I could cite many more examples, but at this point readers may be thinking I get it, so what can we do about it? Unfortunately, parks and preserves are not adequate to halt the precipitous decline of native species (and they are struggling with the influx of aliens). Here are some suggestions from Doug Tallamy and Dave Wagner:

Plant native species in your yard! You don't have to get rid of all your hostas and daffodils, but include some native trees, shrubs and perennials in your landscaping. If you have room, plant some big native trees like oaks, maples, hickories and hackberries. Include both nectar plants for insects and caterpillar food plants. Doug's book offers lots of suggestions about plants that are suitable in various regions of the country. 

We have started to convert most of our landscaping to natives, but I still have my hostas and Endless Summer Hydrangea that I got years ago from a friend. They are basically biological deserts, but I have a lot of other plants that are beginning to attract pollinators and other insects. Suburban lots can be essential for maintaining the native biodiversity that is so important. But walk into any garden center and you won't see many native bugs because all they are selling are alien plants that have no value for our native insects. Seek out and support native plant nurseries in your area.

Preserve habitat! Buy land, especially forests, if you have the means, and join and actively support organizations that preserve and rehabilitate natural areas.

Minimize or eliminate the use of lawn chemicals! Dandelions and clover never hurt anyone. Clover is a wonderful nectar source for all sorts of insects, but is killed by lawn herbicides. Excessive fertilizer runoff is a real threat to our water supplies.

Vote for people who understand and appreciate good science! This is a lot more important to our survival as a species than how they look on TV or what they did in college 30 years ago.

The situation isn't hopeless, but we are getting close to that point. So at least plant some natives in your yard and encourage your city to do the same in parks and street rights of way. Neighbors--stop by any time and walk around our back yard to see how it evolves since we have planted spicebush, native viburnums, shrub dogwoods, wild hydrangea, cedars and many others. Look at what's coming up in our rain gardens, which divert runoff from our downspouts into basins where it can sink into the ground to recharge groundwater and lower stormwater runoff, a whole other topic that I haven't mentioned! Here are a few pictures of some of the native plants in our yard:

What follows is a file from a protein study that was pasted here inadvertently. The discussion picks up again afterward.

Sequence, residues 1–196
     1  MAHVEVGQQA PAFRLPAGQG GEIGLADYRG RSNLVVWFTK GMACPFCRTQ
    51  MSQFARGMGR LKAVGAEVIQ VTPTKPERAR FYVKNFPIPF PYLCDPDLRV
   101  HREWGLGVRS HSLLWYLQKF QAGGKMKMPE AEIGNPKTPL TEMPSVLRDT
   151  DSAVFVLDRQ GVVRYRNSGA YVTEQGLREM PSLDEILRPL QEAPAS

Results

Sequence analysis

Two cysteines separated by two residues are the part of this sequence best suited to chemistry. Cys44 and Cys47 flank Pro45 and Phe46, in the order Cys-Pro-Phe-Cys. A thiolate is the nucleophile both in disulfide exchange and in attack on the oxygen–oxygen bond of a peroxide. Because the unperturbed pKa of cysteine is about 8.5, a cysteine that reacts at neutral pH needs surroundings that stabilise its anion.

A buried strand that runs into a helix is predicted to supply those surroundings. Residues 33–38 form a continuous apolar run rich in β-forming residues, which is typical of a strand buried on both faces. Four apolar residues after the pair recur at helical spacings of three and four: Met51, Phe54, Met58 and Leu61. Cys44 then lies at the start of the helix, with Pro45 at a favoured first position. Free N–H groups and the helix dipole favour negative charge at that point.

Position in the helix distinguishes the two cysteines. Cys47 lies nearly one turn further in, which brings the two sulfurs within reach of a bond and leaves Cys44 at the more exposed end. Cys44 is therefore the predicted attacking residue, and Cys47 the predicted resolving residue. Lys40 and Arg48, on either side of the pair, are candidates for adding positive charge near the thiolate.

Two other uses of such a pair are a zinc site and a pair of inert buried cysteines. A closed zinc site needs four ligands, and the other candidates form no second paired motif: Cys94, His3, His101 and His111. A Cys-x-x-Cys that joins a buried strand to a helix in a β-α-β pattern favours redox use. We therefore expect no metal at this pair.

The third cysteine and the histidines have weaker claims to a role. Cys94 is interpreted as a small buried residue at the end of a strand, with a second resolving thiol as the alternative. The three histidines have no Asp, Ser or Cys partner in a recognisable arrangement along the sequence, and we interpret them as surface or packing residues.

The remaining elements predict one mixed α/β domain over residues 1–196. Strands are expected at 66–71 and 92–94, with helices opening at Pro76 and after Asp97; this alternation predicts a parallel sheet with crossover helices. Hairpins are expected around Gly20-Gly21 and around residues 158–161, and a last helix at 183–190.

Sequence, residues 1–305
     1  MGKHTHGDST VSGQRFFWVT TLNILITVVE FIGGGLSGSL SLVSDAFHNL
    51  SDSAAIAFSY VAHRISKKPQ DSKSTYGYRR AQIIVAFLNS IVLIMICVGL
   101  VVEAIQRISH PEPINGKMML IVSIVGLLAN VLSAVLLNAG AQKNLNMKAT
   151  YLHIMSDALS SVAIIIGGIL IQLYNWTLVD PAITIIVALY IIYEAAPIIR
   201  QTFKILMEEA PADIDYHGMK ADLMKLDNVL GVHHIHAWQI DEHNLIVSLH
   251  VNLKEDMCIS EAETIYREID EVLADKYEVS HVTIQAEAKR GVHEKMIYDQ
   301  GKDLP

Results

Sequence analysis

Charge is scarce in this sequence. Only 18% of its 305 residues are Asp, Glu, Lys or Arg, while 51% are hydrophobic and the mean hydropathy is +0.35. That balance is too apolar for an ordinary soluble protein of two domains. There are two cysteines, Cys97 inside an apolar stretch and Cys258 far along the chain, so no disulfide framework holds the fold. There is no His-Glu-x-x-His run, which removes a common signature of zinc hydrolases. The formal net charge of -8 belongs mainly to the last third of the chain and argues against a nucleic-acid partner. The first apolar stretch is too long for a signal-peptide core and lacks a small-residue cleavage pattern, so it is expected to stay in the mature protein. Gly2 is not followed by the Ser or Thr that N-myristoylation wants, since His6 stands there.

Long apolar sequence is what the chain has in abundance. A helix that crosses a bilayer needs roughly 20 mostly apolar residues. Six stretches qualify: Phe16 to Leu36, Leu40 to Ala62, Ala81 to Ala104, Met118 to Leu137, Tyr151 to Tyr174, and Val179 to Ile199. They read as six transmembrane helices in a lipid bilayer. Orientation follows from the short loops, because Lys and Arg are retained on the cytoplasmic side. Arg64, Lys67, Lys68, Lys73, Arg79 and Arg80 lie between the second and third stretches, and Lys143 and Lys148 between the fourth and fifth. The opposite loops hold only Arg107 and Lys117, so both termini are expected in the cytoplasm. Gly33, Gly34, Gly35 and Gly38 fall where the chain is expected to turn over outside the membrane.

Orange Milkweed and Blue Vervain
Redbud, elderberry, purple coneflower starting to bloom, rattlesnake master, and wild hydrangea.

Closeup of wild hydrangea--these have been great and have attracted all
sorts of pollinators
Endless Summer Hydrangea--all flowers are sterile and not much seems
to eat the leaves so it really has no
biological value. It has sentimental value though, so I'm keeping it!

Purple coneflower

1 comment:

  1. A strong, clear essay with a call to action. I want all my FB friends to read it and I hope it spreads a lot further than that. You defined the problem and offered part of a solution, a solution involving a new relationship with our natural environment. Thank you.